As I was searching ESPN.com to try and find a topic to write my column on, a few different things caught my eye. First, one of the main headlines on their site read “Butch Jones told Tennessee WR he ‘betrayed the team’ for helping alleged assault victim.” Directly next to this story, in a sidebar on the site, was a smaller news story from Jeff Legwold, with a sub-header that read: “John Elway said he met with Peyton Manning two nights ago and that Manning ‘still needs more time’ to decide on retirement.” I thought it was an unfortunate pairing of stories, with Manning having been named as one of the primary instances in a lawsuit about the culture surrounding sexual assault on the University of Tennessee’s campus.
As I read on, I came across another sidebar of related college football stories. I noticed a headline that read: “Baylor’s CFP title march starts today.” Having just read about Tennessee, I recalled an Outside the Lines story I had read about a month ago regarding a wholesale dismissal of more than six rape charges against former Baylor defensive end Tevin Elliott.
If this is the world we live in, one where the NCAA — a governing body that claims to have control over the climate around college athletics — can be featured in stories about graphic sexual assault and championship hopes on the same web page, then it is, without question, time to disband this organization.
Without repeating the entirety of the OTL Baylor story, here is the quote that Elliott gave when interviewed over phone in a local jail, where he is currently serving a 20-year sentence after having finally been convicted in one of the cases:
“College athletes go through this all the time. Not just myself, I’m talking about Jameis Winston, Case McCoy. So many athletes go through this every year, because we’re the big athletes, and we’re sitting on a pedestal, and they feel like they have to try to make us look bad. At the end of the day, we could be innocent, but we’re guilty until proven innocent.”
College athletes most certainly do not go through this all the time. College athletes do not get accused of raping a half dozen women who did not have any significant relation to each other — like Elliott was — and then turn out to be completely innocent. College athletes do not get accused of sexual assault in 1996 — as Manning was — sweep it under the rug, harangue the victim in a book, give the ensuing libel case the clerical run-around and then turn out to have been at no fault in the end. These are not things that happen to college athletes. These are things that the NCAA and its member colleges allow their athletes to use as fallbacks for unspeakable, despicable behavior that should not be tolerated in any corner of the world.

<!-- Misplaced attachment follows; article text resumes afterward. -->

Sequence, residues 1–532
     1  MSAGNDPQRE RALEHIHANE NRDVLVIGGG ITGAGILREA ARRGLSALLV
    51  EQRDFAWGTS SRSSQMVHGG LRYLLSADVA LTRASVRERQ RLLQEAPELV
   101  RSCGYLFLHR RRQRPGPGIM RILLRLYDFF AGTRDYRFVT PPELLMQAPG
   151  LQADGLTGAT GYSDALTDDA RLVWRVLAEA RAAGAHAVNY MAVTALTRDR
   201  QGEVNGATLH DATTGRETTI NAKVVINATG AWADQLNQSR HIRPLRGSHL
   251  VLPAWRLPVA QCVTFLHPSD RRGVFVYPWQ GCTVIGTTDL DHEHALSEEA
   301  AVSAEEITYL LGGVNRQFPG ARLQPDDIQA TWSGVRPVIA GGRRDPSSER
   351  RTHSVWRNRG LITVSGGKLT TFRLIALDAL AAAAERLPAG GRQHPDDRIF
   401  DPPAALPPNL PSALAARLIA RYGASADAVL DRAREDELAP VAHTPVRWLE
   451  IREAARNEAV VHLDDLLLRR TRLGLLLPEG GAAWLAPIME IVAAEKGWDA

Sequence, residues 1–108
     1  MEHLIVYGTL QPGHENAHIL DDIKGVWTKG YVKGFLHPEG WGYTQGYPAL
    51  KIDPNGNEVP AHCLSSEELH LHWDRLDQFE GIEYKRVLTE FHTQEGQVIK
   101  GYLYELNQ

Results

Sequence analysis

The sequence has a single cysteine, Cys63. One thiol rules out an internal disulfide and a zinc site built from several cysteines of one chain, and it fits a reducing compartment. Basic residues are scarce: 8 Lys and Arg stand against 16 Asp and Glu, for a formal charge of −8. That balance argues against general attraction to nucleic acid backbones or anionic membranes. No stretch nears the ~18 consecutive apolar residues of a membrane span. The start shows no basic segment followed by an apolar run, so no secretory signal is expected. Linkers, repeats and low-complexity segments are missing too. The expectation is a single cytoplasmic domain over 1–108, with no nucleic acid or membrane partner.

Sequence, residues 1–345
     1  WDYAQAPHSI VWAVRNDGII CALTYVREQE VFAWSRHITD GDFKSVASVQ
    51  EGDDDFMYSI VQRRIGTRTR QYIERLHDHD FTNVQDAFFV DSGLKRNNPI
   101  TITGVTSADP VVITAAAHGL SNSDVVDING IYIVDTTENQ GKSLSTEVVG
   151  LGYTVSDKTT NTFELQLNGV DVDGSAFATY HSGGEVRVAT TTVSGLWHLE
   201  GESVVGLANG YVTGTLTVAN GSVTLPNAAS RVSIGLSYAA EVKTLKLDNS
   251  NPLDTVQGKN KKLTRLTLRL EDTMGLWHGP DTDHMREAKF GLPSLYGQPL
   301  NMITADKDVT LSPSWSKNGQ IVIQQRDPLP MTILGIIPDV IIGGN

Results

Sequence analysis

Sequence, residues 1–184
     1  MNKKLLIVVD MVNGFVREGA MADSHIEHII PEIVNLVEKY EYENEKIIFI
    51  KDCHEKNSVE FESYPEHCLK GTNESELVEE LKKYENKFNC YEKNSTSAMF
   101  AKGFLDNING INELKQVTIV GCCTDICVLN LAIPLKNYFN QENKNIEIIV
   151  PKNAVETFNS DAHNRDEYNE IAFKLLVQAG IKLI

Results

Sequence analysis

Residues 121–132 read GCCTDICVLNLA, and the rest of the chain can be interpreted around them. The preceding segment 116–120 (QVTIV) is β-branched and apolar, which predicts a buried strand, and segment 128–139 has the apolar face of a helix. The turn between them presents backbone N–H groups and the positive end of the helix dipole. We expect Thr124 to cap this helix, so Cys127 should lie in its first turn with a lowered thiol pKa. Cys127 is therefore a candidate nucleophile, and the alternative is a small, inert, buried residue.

But it is more than tolerated in sports — it’s wholeheartedly encouraged. Right now, we promote athletes to be larger than life. It’s the basis on which they’re recruited. Come to University of XYZ, you’ll be the big man on campus. People will worship the ground you walk on. You’ll be a celebrity the day you set foot here. You can do no wrong. It’s no surprise that’s what they believe when they do horrible, horrible wrong.
Title IX went into effect on June 23, 1973. Baylor hired a Title IX coordinator in November of 2014. For 41 years, Baylor neglected to actively enforce a law that stood for equal treatment under the law of women in higher education. In 2011, the NCAA sent a reminder to its lagging participants to hire Title IX coordinators if they had not. Baylor lollygagged their way to hiring someone about four years after that, opening the door for this string of sexual assaults. The NCAA poked and prodded them, but never actually sanctioned the school. What good does coaxing schools to hire someone do when you’re allowing countless violations of the rights of women on campus?
There is no recovery for this organization. There is no “whoops, we’re sorry.” There is no going back — not for the women whose lives were harmed by this negligence, or by the money-hungry organization that promoted it. The only way to amend these wrongdoings is to replace. Not with more men in charge, who cannot possibly understand the horror of going through a situation like this, but with women, and with people who have had formal training in diversity and sensitivity and handling sexual assault. The model of hoping that the rich white men in charge of large sports organizations will figure things out has failed enough times for me to pretty certainly say that it’s going to continue failing. If you’re at the point where you need to replace everyone at the highest levels, you’re better off blowing it up and starting from scratch with an entirely new organization.
Name me one massive, Division I university in which a woman can walk into a party full of athletes, be intoxicated and feel safe, and I’ll name you 10 where she can’t. This has gone on long enough. Disband the NCAA, immediately.
Email Bobby Wagner at [email protected]